After repeated attempts to reach out to the Pentagon directly to “alert Sgt. Bass that blocking him from an official government Facebook page violated the First Amendment,” Rynearson decided to pursue legal action, Pell wrote.

Pell said Rynearson had become concerned that the Air Force is embracing identity politics, that leadership has prioritized sensitivity to a degree that it is corrupting the strength of the Air Force, and that leaders have become hostile to critics.

“He was critical of some of the Air Forces policies,” Pell told Stars and Stripes. “And that’s fair. It was a legitimate opinion. The Air Force can’t treat him differently because he raises questions about Air Force policy.”

Though the government is free to use big-tech platforms such as Facebook, it is not free to silence speech that it finds objectionable, Pell said.

Pell called Rynearson a concerned citizen who “follows, documents, and at times, criticizes Air Force policy.”

Rynearson received a Distinguished Flying Cross for heroism after successfully defending his aircraft from “numerous anti-aircraft artillery attacks as a C-130U co-pilot during a March 20, 2003, night mission in Iraq. He and the rest of the aircraft’s crew supported outnumbered special operations forces in a battle for an Iraqi petroleum pipeline, according to the award citation online.

Even before leaving the uniform, Rynearson stood up for what he perceived was his constitutional obligations as a military officer.

Then-Maj. Rick Rynearson in uniform in an undated photo provided by the Center for Individual Rights. Rynearson challenged a social media block by the Air Force’s senior enlisted leader.

Then-Maj. Rick Rynearson in uniform in an undated photo provided by the Center for Individual Rights. Rynearson challenged a social media block by the Air Force’s senior enlisted leader. (Center for Individual Rights)

In a YouTube video posted to his blog, pickyourbattles.net, Rynearson, who also piloted the unmanned MQ-9 Reaper drone for Air Force Special Operations Command, said 15 years into his career he attempted to resign his commission after he refused an unconstitutional order to “assassinate an American citizen outside of a war zone, without charge or trial.”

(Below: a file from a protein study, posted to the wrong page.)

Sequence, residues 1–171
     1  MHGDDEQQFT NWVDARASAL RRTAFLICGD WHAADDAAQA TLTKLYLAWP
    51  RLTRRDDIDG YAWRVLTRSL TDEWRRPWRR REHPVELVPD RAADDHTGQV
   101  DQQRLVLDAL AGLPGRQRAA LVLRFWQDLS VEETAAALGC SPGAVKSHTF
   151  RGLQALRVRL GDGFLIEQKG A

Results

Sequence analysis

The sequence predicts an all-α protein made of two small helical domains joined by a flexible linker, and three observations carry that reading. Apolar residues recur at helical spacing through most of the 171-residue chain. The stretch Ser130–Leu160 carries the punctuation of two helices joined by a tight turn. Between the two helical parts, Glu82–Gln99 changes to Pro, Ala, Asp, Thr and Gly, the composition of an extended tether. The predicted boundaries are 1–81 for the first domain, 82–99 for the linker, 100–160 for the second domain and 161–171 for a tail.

Rynearson has since become somewhat of an activist, regularly blogging about civil liberty issues such as the constitutionality of indefinite detention, police actions and the expansion of executive authority.

His activism led him to file lawsuits and even resulted in accusations of cyberbullying.

Bass and her team have been prolific users of Facebook, posting almost weekly to her page’s more than 206,000 followers.

Bass started facing online criticism soon after taking office in 2020 when an airman asked in a comment whether the enlisted leader’s name was pronounced like the musical instrument or the fish — a post that launched copycat troll posts asking the question repeatedly on various comment threads. Her response challenged the airman to contact her directly to clear up any confusion and prompted criticism that the senior enlisted leader overreacted to a harmless joke.

Bass’ Facebook page’s updated comment policy still allows comments to be removed if they “constitute harassment or cyberstalking.” 

“Mr. Rynearson was interested in the Air Force recognizing that the First Amendment does not permit the government to discriminate or treat individuals different based on the points of view they express,” Pell told Stars and Stripes Friday.

“The outcome of this lawsuit affects the ability of any citizen to express their view on a government run website without fear of retaliation for a point of view they express. And I think that is a good thing for everybody.”

author picture
Alexander reports on the U.S. military and local news in Europe for Stars and Stripes in Kaiserslautern, Germany. He has 10 years experience as an Air Force photojournalist covering operations in Timor-Leste, Guam and the Middle East. He graduated from Penn State University and is a Defense Information School alumnus.